If I’m not mistaken, the three most widely used languages in the world are English, Spanish and Mandarin Chinese. At the very least, a curriculum should include English and Spanish. Mandarin wasn’t really necessary until a few years ago because the People’s Republic of China was pretty much closed to foreigners.

    However, now that the PRC is opening up to the rest of the world, it’s a different story. Learning Mandarin now is what learning Russian was two decades ago — it will open up great career and travel opportunities. The PRC is rapidly becoming an economic power we can’t ignore. I’ve been there, and you really can’t get much done there if you don’t speak the language. I think it would be good if schools would offer it at least as an optional extra.

    It’s a bloody hard language to learn, though. A mere change of tone changes the meaning of a word; get it wrong and rather than saying something friendly to someone you’ll be making a scathing remark about his mother…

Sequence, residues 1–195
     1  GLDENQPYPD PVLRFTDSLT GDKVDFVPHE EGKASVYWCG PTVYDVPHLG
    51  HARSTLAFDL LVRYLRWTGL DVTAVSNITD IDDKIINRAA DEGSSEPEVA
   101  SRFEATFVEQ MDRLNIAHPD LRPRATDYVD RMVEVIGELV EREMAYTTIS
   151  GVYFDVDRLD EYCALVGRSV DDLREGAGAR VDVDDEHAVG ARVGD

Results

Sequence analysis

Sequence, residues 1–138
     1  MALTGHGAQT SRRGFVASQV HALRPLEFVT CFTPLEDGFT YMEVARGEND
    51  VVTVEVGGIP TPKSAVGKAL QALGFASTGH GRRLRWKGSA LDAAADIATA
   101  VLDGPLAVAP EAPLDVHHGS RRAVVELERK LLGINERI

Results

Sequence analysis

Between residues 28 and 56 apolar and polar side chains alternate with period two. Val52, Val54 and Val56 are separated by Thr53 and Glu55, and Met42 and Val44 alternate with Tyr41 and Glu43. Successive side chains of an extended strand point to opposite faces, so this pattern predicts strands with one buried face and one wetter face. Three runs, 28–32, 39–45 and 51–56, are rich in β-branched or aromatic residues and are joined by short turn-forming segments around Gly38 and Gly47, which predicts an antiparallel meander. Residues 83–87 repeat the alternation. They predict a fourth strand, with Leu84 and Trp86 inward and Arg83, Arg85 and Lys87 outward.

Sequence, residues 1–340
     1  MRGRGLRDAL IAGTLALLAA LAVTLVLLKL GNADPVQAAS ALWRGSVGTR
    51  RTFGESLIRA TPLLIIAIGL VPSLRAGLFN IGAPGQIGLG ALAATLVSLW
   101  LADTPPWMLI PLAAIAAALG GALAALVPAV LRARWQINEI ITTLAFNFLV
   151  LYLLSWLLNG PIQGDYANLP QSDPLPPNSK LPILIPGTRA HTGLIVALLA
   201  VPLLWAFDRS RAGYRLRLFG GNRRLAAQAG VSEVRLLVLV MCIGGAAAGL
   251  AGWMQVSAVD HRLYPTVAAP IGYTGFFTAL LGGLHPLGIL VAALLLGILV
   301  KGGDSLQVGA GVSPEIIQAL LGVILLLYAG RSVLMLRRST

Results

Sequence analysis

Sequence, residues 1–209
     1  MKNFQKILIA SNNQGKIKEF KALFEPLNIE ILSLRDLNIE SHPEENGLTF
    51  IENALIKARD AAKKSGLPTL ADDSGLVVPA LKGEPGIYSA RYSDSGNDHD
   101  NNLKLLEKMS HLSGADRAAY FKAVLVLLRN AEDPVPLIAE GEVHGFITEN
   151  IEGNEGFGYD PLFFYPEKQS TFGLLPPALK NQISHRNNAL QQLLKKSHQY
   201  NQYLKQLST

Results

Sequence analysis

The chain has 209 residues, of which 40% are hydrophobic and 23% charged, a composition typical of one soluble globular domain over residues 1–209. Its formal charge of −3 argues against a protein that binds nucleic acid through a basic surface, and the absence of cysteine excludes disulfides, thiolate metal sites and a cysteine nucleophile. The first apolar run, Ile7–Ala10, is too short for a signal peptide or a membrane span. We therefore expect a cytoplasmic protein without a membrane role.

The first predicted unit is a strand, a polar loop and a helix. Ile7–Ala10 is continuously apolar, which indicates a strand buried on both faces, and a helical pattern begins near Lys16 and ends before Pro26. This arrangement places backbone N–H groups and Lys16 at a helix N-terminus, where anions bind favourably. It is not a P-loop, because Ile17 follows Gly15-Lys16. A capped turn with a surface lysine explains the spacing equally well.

Reply
  6. Sarah

    You’re probably right there if you look at sheer numbers. I think it also important to think of numbers of countries as well as people. Mandarin is probably really only spoken in China so English and Spanish or probably better options in terms of moving to new countries.

    Reply
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  8. Claire

    I’m attending group classes to improve my English and I’m having fun! I know that the best way to progress quickly would be one-to-one tuition but, like you said, they can be pretty expensive!

    Reply
    • Sarah

      I think that, in the end, anything helps as long as you do it regularly enough so it sticks!

      Reply